This paper is an overview of the work developed by our group in the investigations of museum objects and alluvial gold, reflected in a series of studies published between 2000–2011, supplemented with new results, unpublished up-to-date. The X-ray based spectrometric techniques employed range from various X-Ray Fluorescence (XRF) investigations to ion beam analysis, including synchrotron radiation XRF and micro-Particle Induced X-ray Emission. The gold objects discussed are mainly part of the Sarmizegetusa Dacian hoards—spiraled bracelets (armbands) and coins. After obtaining in 2011 the permission of the Romanian authorities to take very small (1–2 mg) samples from the most “unimportant” areas of the Dacian bracelets and several Koson staters, to analyze them by micro-SR-XRF at BESSY, in February 2012, the investigation of several micro-areas of 17 stater and 28 bracelet samples revealed important micro-structural inhomogeneity, especially in Sn and Cu. The same inhomogeneous micro-structure has been seen in Transylvanian alluvial gold. The analyses revealed details on the fingerprint of geological gold deposits and also the main characteristics of ancient gold metallurgy procedures used by the Dacians: a relatively low temperature (lower than Au melting point) and hammering during heating to obtain an ingot through sintering. The use of the sintering procedure was proved for the spiraled bracelets and the Koson without monogram coins, a tradition starting in the Bronze Age in Transylvanian gold processing. The existence of micro-inclusions of Ta-minerals in alluvial gold was also detected, explaining Ta trace presence in the artifacts from the Pietroasa hoard.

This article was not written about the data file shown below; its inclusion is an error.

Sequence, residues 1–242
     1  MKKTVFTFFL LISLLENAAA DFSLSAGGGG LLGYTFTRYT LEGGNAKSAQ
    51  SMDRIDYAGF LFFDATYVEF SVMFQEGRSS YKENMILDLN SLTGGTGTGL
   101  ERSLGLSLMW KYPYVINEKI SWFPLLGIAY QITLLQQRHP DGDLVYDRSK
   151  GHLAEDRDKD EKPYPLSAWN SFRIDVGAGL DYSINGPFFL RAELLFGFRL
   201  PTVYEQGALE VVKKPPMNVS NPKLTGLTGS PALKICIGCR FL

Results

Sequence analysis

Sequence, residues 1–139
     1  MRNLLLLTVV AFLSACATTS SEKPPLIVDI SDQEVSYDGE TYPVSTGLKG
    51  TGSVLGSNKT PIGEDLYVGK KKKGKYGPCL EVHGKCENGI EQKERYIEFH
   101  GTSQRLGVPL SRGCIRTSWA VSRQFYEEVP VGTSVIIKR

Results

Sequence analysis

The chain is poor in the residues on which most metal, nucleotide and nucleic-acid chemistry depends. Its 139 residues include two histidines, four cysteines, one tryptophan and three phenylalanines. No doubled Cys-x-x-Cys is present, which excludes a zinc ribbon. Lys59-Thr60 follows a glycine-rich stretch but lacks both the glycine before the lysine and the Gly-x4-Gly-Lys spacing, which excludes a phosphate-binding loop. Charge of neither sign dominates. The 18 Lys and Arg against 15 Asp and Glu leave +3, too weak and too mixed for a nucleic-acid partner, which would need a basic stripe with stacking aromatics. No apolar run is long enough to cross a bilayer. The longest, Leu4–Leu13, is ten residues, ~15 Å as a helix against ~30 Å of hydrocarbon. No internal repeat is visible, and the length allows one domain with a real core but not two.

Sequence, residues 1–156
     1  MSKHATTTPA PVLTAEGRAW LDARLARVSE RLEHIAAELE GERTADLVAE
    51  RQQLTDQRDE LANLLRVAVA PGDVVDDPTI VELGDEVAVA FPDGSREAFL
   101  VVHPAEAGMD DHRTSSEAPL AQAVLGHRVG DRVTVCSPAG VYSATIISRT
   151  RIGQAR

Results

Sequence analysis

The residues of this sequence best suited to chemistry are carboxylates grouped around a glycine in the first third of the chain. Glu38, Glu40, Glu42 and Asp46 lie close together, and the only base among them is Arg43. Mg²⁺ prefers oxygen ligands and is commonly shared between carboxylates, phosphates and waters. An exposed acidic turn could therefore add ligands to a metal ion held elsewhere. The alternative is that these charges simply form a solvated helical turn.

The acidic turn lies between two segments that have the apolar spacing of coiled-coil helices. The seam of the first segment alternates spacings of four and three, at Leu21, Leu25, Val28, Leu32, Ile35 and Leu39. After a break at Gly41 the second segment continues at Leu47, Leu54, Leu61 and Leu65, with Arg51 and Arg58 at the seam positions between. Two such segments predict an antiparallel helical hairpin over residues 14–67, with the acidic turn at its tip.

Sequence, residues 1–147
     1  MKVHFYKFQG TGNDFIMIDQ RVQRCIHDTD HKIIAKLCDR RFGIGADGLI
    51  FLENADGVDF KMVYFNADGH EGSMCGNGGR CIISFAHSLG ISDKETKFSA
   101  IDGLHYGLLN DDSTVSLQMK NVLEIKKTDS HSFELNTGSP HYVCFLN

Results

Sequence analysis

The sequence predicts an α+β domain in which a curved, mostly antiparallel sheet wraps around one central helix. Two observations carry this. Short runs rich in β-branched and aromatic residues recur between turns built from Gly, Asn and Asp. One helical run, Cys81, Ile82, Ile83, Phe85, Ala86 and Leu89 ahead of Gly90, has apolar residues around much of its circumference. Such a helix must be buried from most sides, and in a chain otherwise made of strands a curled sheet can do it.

You have access to this article
Please wait while we load your content...
Something went wrong. Try again?